In 1973, a volcano erupted on the archipelago’s only inhabited island Heimaey without warning leading to the evacuation of the entire population by boat to mainland. Approximately one fifth of the town was destroyed before the lava flow was stopped by applying billions of litres of ice-cold sea water. 

While in Vestmannaeyjar, we finally made the acquaintance of the Atlantic puffin. This bird resembles the horned puffin, its Pacific counterpart, though their ranges do not overlap. Although all the three puffin species are beautiful, our absolute favourite is the tufted puffin, also resident of the Pacific, which has a stout black body, a massive red, orange and yellow bill, and long ivory-yellow head plumes or tufts. 

A distinct difference between the horned puffin and the Atlantic puffin is that, in summer, the horned puffin’s face is clearly white whereas the Atlantic puffin’s face is pale grey. In winter, the face of both species turn darker grey. Some birds, however, seem to be incapable of distinguishing summer from winter!

If we had stayed on the island a little bit longer, we could have taken part in Puffin Patrol: starting in August, when the pufflings i.e. baby puffins are leaving their nest normally late at night for the first time, they often get disorientated and fly towards the town instead of the ocean. Both children and adults go around the town and try to find the pufflings which are weighed, measured and examined at the Puffin Sanctuary. If the puffling is healthy the rescuer can then take the bird to the seashore and set it free. 

Rescuing pufflings would have been great but, alas, it was time to continue our voyage. For the following leg, we haven’t decided on any specific destination as we are trying to avoid the seemingly ubiquitous headwinds. We’ll go wherever the winds take us, within reason of course. Whether it’s Norway, Denmark or the Faroe Islands, we’ll find out within the next few days!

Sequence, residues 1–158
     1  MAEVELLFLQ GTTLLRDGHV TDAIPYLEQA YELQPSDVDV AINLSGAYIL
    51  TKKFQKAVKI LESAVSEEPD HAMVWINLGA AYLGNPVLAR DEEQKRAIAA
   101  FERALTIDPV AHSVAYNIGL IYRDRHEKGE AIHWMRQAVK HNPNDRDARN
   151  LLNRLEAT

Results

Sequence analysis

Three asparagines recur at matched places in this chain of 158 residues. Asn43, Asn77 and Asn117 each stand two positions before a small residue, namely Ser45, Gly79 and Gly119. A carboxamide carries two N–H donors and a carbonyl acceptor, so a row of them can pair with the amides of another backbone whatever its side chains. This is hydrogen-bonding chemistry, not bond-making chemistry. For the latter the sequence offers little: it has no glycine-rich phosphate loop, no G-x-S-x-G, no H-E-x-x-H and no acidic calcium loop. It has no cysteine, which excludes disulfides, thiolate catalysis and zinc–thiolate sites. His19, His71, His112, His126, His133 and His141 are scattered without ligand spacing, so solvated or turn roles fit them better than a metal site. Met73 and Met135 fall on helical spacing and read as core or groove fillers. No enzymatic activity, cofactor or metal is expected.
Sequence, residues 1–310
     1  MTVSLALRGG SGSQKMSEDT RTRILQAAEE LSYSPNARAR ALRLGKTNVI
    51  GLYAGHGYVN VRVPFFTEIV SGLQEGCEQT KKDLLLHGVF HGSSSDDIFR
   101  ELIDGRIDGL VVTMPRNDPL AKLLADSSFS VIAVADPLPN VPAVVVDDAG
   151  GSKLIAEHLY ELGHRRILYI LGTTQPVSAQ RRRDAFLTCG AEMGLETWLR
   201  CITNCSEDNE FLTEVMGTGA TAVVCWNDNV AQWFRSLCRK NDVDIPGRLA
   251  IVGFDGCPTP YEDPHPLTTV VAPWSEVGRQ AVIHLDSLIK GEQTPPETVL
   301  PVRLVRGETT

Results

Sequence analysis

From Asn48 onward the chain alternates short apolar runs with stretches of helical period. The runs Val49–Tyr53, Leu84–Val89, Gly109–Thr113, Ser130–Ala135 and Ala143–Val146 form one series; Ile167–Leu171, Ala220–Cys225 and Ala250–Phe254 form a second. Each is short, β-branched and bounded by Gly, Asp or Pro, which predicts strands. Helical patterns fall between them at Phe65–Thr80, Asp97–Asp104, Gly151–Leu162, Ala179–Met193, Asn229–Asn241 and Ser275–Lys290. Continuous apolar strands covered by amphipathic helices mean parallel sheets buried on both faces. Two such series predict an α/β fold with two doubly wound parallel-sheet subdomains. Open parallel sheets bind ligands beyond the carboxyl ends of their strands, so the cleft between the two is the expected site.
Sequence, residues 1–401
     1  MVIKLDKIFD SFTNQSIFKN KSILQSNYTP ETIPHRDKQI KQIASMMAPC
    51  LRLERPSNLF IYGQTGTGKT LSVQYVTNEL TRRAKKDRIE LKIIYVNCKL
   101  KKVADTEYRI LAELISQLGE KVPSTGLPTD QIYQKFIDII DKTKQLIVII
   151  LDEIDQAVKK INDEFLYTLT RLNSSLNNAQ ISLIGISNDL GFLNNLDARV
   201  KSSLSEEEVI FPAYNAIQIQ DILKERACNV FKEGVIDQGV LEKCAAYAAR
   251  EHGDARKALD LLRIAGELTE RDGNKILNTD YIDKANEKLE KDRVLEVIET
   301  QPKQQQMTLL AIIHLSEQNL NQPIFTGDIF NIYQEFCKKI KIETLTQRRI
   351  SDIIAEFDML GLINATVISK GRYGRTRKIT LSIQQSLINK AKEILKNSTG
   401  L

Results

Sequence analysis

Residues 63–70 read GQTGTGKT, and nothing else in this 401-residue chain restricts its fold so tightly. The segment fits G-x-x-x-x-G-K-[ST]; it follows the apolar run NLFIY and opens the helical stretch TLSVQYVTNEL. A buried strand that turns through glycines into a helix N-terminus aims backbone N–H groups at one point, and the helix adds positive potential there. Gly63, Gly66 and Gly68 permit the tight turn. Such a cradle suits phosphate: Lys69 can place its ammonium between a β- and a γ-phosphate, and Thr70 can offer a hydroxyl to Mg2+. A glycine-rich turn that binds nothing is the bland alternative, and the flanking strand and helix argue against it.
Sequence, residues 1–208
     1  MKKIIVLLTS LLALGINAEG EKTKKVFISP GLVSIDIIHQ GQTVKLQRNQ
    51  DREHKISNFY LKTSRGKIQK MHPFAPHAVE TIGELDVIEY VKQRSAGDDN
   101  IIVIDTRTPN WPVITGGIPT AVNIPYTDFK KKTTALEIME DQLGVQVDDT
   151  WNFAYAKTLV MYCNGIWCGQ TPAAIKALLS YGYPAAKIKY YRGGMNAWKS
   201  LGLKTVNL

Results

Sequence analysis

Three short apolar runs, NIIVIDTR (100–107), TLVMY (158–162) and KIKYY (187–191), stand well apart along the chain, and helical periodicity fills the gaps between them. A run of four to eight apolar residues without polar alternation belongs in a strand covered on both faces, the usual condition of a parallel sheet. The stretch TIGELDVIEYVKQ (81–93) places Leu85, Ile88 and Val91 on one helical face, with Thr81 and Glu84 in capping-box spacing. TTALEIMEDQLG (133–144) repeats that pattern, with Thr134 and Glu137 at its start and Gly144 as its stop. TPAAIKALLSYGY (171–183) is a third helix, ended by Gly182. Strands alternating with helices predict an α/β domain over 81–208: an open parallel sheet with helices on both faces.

Sunday 28 July 2019

To Iceland

French Connection

After leaving Bermuda, it took us only eight days to make landfall - surprise, surprise - in France! The archipelago of Saint-Pierre and Miquelon was first ‘discovered’ by Portuguese explorer Joao Alvares Fagundes in 1520 but already in 1536 the islands were made a French possession by Jacques Cartier. During the following centuries, France and Britain took turns invading and occupying the islands until, in 1814, the Treaty of Paris gave the territory officially to France. In 1816, the islands were resettled mainly by fishermen and whalers from Normandy, Brittany and the Basque region, which is also manifest in their flag. 

The islands are the last stronghold of France in North America and so totally French that although their population is only about 6000 and Canada’s English-speaking provinces of Newfoundland and Nova Scotia are just around the corner (minimum distance 12 miles), many of the islanders speak and understand only French. 
Despite our disability to communicate with the locals, we took full advantage of the islands’ Frenchness and enjoyed their crunchy baguettes, smelly cheeses, and full-bodied wines with relish. 

Canadian Courtesy

From Saint-Pierre we continued to St. John’s, Newfoundland, where we were warmly welcomed by an amiable pair of Canadian customs and immigration officials, named Bill and Phil. While Bill and Pekka took care of the formalities, Phil compiled a list of the best downtown restaurants and recommended some of the books he had read recently.

Before our departure, Riitta made a tour of the town’s secondhand bookstores and bought, among others, All the Light We Cannot See by Anthony Doerr, Phil’s recommendation, which helped to distract us from the infuriating winds that seemed determined to take us to Greenland. 

Rotten Luck Fishingwise